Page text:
Some parents filed a grievance with a school district, alleging that their child did not make the cheerleading squad because the tryout process was tainted, and that the student was denied equal educational opportunities. They claimed that the tryouts violated the cheerleading constitution because participants who missed mandatory practice, or whose parents missed the mandatory meeting, were allowed to try out.

Additionally, despite the cheerleading constitution’s prohibition against parents in the vicinity of the tryouts, a parent was present because she was observing the preliminary process in preparation for her assuming the role of sponsor the following year. The parents further alleged that the coach spoke to the judges when she escorted them to the restroom and complimented one of the participants. 

The school district board of trustees denied the grievance and the parents appealed to the commissioner of education. The commissioner dismissed the appeal, finding that the board’s decision to deny the grievance was reasonable and supported by substantial evidence. The commissioner also noted that he only can consider appeals of cases involving a violation of the state's school laws. In this case, the parents were alleging a violation of the cheerleading constitution, not state law.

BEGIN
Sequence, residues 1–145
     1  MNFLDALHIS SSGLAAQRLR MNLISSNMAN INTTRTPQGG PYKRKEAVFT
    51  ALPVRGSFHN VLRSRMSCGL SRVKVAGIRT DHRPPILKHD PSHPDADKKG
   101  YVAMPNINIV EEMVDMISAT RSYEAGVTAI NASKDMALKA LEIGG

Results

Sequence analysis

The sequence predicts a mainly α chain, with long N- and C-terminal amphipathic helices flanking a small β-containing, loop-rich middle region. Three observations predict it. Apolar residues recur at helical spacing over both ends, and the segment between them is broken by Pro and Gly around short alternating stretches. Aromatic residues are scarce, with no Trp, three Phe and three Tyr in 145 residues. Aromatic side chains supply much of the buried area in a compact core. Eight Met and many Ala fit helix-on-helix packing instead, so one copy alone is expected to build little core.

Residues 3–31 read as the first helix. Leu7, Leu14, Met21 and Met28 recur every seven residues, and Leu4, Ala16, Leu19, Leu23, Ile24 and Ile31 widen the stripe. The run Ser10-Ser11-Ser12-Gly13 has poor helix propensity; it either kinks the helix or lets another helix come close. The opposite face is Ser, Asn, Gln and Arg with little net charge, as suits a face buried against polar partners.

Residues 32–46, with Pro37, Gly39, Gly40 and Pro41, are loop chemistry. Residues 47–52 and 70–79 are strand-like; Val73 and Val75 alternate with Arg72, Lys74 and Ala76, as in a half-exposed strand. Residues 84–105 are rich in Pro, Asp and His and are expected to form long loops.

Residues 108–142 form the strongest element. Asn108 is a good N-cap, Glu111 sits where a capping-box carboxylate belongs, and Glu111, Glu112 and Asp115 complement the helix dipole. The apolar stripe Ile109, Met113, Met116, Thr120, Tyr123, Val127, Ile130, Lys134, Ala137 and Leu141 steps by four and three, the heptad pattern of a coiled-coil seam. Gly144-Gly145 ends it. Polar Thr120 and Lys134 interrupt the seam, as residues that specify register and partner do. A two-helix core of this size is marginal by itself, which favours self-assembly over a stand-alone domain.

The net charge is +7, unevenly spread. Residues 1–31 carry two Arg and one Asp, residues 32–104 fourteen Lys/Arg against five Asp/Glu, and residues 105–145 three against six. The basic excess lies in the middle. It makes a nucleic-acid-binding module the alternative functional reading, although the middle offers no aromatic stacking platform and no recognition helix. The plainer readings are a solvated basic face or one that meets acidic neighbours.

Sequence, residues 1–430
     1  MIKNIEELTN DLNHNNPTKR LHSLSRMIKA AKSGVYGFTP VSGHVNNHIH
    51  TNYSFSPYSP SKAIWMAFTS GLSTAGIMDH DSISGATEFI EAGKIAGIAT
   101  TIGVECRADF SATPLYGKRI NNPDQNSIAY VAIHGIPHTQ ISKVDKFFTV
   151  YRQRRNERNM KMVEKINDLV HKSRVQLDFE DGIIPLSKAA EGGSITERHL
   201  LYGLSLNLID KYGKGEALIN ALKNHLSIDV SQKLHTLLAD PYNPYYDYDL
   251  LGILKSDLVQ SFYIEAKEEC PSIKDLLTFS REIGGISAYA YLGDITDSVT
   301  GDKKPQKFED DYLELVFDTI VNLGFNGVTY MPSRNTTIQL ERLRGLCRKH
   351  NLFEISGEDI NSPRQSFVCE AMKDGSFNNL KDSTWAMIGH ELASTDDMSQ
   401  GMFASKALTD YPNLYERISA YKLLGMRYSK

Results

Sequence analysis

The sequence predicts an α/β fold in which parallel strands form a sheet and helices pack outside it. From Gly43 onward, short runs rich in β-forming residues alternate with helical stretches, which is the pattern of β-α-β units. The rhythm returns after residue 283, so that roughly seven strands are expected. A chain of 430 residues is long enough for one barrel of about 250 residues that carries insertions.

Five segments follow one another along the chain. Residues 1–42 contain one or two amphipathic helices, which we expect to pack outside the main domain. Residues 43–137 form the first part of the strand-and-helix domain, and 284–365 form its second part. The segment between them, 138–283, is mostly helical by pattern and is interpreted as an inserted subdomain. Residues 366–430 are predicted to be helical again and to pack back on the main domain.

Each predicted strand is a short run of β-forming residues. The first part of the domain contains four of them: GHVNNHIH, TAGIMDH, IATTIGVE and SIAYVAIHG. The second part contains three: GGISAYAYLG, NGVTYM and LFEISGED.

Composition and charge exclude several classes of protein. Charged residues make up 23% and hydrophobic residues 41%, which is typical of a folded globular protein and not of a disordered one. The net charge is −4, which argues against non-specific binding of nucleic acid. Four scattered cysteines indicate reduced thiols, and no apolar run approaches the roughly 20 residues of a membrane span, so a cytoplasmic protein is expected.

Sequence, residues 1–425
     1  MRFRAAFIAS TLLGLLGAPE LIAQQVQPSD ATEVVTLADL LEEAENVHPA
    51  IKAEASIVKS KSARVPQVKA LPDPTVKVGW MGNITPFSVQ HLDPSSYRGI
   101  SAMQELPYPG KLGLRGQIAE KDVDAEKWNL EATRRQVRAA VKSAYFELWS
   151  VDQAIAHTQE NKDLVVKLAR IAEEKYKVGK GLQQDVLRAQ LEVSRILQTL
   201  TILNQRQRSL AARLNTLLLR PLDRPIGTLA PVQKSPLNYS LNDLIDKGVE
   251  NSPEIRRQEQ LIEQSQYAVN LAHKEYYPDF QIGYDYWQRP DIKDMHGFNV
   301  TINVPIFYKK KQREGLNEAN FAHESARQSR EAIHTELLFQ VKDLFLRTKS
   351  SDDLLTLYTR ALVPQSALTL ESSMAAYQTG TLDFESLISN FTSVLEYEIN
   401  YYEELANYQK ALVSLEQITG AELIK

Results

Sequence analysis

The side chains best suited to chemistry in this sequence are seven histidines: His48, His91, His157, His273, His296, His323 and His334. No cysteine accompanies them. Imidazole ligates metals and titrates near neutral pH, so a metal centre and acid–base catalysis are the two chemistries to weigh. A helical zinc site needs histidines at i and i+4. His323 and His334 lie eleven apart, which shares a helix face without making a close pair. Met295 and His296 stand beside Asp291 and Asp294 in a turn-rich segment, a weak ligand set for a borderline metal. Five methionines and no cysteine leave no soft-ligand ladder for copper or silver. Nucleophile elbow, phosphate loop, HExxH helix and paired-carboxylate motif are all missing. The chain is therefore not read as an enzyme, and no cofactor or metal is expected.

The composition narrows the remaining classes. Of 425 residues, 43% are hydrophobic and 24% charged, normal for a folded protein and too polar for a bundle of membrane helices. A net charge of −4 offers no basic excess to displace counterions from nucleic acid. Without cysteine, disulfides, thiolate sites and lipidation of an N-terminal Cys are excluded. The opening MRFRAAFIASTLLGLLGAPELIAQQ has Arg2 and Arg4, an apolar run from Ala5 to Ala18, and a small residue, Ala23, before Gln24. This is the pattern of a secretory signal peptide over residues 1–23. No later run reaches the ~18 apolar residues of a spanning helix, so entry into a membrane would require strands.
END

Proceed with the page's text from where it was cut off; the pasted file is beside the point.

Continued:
Finally, the commissioner ruled that the student was not denied an equal opportunity at tryouts when the coach complimented one of the participants and not the student in question, because there was no evidence to show that the judges even heard the comment, much less were influenced by it. Also, the student’s sister made the team even though she was not complimented.

All of these factors supported a finding that the student did not fail to become a varsity cheerleader due to the school district's denying her an equal opportunity to try out.